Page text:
The variations of UTS/YS and UTS-YS
Increasing trend of the UTS/YS and UTS-YS with the holding time of the deep cryogenic treatment up to 48 h is also shown in Fig. 11. The peaks/plateaus trend of these parameters has been identified as one of the manifestation of η-carbide formation. With increasing holding time up to the peak value (48 h), more carbon atoms diffuse to form η-carbides. So with the formation of η-carbides in martensitic matrix, carbon content of martensite decreases and its stretch formability increases, which means enhancement in UTS/YS and UTS-YS as well as the strain hardening exponent (n) (Totten and Howes 1997). Also, with an increasing holding time more than 48 h, the UTS/YS and UTS-YS remained unaltered. It revealed that after 48 h, the internal stresses decrease to diffuse carbon atoms and unaltered trend in the UTS/YS and UTS-YS parameters (Amini et al. 2012).
Completion of martensitic transformation and η-carbides precipitation occur during cryogenic treatment. An increment in the degree of holding time of the deep cryogenic treatment up to 48 h significantly increases the volume fraction of the η-carbides and their uniformity while decreases the particle size of η-carbides. In longer holding durations more than 48 h, the volume fraction, uniformity, and particle size of carbides do not change anymore in deep cryo-treated steels. Precipitation of homogenized η-carbides within DCT martensite causes decrement in carbon concentration of the martensite as compared to that in the CHT steel. The results also show that exhaustion of carbon atoms from martensitic matrix and the precipitation of η-carbide are increased with the increasing holding time of the deep cryogenic treatment up to 48 h.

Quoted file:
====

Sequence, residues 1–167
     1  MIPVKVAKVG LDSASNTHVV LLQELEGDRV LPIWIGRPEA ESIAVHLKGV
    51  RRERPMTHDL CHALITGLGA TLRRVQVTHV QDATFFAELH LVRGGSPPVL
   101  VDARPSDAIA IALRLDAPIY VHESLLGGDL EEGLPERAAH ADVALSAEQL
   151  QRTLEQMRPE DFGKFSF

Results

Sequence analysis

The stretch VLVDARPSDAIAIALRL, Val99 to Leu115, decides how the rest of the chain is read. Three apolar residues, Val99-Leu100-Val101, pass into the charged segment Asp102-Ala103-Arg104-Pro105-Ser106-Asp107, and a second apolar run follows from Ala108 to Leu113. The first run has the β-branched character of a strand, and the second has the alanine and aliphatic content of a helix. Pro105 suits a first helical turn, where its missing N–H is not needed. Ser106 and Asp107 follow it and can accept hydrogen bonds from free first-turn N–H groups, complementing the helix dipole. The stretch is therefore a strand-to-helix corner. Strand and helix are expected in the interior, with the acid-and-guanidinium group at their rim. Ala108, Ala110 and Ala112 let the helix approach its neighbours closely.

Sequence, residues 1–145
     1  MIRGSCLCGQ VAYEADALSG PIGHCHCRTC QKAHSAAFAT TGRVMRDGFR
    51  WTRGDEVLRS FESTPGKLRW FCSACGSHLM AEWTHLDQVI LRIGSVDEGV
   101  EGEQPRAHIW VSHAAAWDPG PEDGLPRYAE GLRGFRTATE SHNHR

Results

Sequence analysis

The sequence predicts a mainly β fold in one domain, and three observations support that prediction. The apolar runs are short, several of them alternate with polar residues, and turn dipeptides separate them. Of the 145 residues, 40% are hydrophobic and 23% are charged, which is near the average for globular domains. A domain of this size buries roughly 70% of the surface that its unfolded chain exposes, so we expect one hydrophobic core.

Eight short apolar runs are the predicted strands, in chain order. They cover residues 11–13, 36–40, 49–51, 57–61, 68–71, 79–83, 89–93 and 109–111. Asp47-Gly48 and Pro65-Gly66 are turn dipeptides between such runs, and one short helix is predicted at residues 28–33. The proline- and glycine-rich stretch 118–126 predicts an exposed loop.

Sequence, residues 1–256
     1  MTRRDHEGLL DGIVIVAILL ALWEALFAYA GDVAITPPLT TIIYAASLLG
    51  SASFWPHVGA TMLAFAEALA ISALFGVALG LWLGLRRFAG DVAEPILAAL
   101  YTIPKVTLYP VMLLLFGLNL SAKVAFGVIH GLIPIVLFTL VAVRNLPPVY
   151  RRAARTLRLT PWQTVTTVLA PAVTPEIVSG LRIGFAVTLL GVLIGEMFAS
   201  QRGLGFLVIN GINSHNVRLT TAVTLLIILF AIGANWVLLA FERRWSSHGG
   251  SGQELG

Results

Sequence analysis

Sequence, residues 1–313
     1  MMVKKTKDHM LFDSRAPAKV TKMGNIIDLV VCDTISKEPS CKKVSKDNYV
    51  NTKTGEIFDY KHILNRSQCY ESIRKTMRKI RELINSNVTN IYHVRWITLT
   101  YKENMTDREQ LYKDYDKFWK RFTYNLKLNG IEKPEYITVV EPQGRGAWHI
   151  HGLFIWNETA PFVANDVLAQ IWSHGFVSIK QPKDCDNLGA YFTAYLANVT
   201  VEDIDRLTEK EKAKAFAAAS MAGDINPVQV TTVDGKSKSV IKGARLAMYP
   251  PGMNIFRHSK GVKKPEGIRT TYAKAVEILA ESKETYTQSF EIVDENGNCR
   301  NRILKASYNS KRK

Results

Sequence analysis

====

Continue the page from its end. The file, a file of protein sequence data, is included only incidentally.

Using the diffraction patterns of TEM, the existence of η-carbides is confirmed in the deep cryo-treated steels. TEM micrograph of the CHT steel indicates high density of dislocations within the interphase boundaries of cementite/martensite, while the deep cryo-treated sample for 48 h contains η-carbides within low-carbon martensitic matrix. Additionally, η-carbide which forms during deep cryogenic treatment has homogenized spherical morphology as compared to the carbide of the CHT sample.
Strain hardening of CHT steel comprises two stages with different exponents. The higher strain hardening exponent (~0.54) at the first stage is attributed to the deformation of the austenite, and the lower strain hardening exponent (~0.21) at the second stage is associated with the plastic deformation of the both austenite and martensite.
The DCT steels show one-stage strain hardening behavior. At this stage of strain hardening, martensite phase deforms plastically.
By increasing the holding time of the deep cryogenic treatment, the strain hardening exponent shows peaks/plateaus (~0.47), while strength coefficient has a decreasing plateau trend. The variations of Hollomon equation parameters with holding time at the cryogenic temperature are related to the microstructural changes including precipitation of η-carbides and decrement in carbon content of martensite phase during cryogenic treatment.
The variation of Hollomon’ strain hardening exponent is confirmed by the changes of UTS/YS ratio and UTS-YS as the criteria for strain hardening.